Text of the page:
Getting the right “tone of voice” is vital for any business that wants to convey an appropriate, consistent image. This is true for consumer brands but is equally the case for professional and financial services firms.
This “tone” is not only expressed in words but also in the use of images, selection of typefaces, colours etc.
Most smaller professional services businesses tend to go one of two ways.
The first of these is “informal but authoritative” which, in practice, tends to translate as homespun and overfamiliar. Done really badly (and it often is) it can make your boutique law firm sound more like a purveyor of payday loans.
The second common approach occupies the opposite end of the spectrum: a patrician dryness that might have seemed to work in the 1950s when nobody really had a choice about which accountant to employ but that bores rather than impresses in the 21st Century.
Define your brand
So how do you get your tone of voice right? Step one is to think about your ideal clients and the way you would like them to see you.
Step two is to think about what your business actually stands for. Corporate “values” have become overused in many contexts but, in defining your brand’s tone of voice, distilling your corporate raison d’être into five or six core principles can be incredibly helpful, both for maintaining internal consistency and when outsourcing to third-party agencies.
Then comes the tricky part – working this up into a set of brand guidelines that govern all your communications. These guidelines need to be comprehensive enough to ensure consistency without becoming so complex that they are unreadable and, ultimately, ignored.
To appreciate the value of a strong tone of voice let’s look at the websites of two very different banks: TSB and Coutts. Neither is overly troubled by grammar (the second sentences on both pages examined below share an aversion to main verbs) but in most other ways they could not be more different in tone.
First we will look at the “Current accounts” page from TSB, a mass-market bank that was once a big high street name and is now being revived as a “challenger” brand. Its customers are happy simply to be “customers”, and are motivated by good deals and customer service. They want simple products explained in a language they can understand without having to read anything twice.
- The typeface is simple and bold.
- The colour is a standard banking blue.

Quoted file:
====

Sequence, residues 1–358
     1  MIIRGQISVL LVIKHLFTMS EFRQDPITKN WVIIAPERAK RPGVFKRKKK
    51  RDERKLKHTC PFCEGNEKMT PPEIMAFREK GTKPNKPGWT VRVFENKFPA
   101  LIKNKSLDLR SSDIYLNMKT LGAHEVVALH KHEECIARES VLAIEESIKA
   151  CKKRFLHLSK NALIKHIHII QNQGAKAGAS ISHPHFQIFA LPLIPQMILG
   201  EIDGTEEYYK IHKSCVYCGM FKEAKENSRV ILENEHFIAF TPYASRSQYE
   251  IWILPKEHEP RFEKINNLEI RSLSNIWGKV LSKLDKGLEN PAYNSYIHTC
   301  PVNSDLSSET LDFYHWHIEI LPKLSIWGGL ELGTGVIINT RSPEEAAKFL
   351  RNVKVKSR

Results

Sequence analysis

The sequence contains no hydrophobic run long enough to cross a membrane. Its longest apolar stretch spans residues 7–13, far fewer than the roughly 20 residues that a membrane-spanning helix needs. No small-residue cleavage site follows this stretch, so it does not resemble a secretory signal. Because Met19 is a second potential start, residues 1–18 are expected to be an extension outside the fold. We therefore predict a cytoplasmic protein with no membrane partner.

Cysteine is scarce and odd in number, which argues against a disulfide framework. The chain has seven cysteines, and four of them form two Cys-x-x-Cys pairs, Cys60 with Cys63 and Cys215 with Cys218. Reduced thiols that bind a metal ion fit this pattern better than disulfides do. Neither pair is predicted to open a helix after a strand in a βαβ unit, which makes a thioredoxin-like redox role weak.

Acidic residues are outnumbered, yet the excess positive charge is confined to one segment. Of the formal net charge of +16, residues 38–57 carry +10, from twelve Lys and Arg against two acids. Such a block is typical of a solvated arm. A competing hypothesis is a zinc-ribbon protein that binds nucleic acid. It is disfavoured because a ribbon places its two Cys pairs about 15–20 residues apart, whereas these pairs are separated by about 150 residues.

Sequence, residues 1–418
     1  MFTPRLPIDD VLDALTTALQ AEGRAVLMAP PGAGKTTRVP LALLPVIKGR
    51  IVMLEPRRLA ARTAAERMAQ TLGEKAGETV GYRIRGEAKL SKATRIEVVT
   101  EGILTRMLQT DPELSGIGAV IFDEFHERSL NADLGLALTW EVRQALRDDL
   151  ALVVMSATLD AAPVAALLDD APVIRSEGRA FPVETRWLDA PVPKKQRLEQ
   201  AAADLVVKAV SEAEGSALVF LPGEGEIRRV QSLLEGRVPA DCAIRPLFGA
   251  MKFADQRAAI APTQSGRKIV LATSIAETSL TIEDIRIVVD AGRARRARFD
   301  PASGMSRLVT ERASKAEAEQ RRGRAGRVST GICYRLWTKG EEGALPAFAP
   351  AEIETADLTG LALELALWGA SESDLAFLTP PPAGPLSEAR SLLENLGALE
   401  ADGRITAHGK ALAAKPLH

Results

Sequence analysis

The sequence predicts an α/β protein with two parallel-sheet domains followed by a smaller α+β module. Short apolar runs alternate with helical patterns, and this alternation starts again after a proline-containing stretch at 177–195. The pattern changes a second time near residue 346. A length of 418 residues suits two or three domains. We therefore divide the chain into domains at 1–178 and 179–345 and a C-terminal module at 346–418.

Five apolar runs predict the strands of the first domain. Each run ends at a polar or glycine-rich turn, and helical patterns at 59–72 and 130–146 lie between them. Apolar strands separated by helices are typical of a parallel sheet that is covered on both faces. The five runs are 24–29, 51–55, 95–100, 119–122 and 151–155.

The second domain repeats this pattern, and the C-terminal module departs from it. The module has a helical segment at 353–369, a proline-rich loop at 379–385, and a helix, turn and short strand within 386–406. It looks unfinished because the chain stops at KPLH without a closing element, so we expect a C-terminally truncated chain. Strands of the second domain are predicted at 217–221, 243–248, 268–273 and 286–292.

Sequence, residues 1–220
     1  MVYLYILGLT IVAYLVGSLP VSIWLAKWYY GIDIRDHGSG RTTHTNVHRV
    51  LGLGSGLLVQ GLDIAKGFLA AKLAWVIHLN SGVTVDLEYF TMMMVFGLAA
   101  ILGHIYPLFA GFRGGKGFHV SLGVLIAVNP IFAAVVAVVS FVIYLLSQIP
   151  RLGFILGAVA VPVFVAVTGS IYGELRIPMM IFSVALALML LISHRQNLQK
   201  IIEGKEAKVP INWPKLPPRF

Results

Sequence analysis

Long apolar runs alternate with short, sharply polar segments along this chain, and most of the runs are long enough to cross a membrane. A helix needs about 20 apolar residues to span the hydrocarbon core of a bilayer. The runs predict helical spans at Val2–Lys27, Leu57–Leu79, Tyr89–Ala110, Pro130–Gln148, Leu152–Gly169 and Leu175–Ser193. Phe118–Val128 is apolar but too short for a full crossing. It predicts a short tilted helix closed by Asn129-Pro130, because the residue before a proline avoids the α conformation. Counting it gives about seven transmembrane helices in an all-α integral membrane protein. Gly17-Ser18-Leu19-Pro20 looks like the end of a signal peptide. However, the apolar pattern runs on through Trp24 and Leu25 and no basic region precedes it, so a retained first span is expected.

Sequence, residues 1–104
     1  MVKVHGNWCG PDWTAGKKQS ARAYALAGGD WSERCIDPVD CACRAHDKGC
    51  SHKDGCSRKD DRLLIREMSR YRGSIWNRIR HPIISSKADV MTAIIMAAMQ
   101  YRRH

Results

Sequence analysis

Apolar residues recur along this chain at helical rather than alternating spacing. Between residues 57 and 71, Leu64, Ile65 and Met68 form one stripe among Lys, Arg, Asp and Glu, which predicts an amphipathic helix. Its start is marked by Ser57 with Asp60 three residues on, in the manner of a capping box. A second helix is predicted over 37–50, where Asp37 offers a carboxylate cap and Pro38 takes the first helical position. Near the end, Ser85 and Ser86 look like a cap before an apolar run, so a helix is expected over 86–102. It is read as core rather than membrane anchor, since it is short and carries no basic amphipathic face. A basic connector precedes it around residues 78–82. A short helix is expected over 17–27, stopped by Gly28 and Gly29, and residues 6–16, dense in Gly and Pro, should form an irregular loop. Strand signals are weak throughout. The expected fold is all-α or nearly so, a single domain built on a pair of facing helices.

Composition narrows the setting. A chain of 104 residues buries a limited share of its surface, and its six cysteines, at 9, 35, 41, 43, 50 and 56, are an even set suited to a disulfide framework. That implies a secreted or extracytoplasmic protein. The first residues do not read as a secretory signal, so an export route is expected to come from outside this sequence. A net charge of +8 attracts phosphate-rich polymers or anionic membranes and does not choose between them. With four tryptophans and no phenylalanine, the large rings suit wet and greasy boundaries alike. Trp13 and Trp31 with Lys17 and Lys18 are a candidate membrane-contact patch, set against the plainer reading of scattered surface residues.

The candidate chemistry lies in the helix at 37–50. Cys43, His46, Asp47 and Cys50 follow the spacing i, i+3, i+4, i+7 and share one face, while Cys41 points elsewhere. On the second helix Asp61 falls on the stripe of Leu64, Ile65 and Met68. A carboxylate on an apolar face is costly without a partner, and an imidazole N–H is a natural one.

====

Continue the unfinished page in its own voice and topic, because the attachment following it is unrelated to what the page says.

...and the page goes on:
- The focus is on features and benefits.
- The only pictures are of bank cards, not people – they are selling a product not a lifestyle.
- Use of abbreviations (“you’re”, “we’ve” etc) sets an informal tone.
- Words such as “handy” and “fancy” emphasise the no-nonsense but friendly nature of the brand.
- The accent is on statements and calls to action in the imperative: “Let us…”, “Change your…” etc.
Now we turn to the “Private Banking” page from Coutts, the venerable institution patronised by, among others, Her Majesty the Queen. Customers of Coutts want to see themselves as partners, not customers – yes, they want great service but they want it delivered consultatively. They see themselves as individuals and also as members of an exclusive club.
- The page begins with social proof: “Award-winning private banking”.
- There are no abbreviations – we are all adults here and we do each other the courtesy of addressing each other formally.
- Visitors to the site are not told to do anything. The bank sets out its stall and leaves it up to us whether or not we choose to get in touch – against all received wisdom the call to action is hidden at the bottom, and is the only instance of an imperative command on the whole page.
- Words such as “centuries”, “insight”, “rely”, “judgement”, “understanding” and “expertise” drive home the idea that clients are placing their affairs in a safe pair of hands.
- Visually, the lightness of the font conveys sophistication.
- Photographs are used liberally, depicting lifestyles that reflect a level of wealth that is aspirational but not unattainable. The pictures are as oblique as the language on the page – nobody looks out toward the site user, with the effect that viewers are given a “through the keyhole” glimpse into a world they could only fully inhabit if they were to become clients themselves.
That is how two large brands do it. In two weeks’ time we will look at how the tone of voice has to change when a firm grows from being all about its founder to demonstrating the “strength in depth” of a self-sustaining business.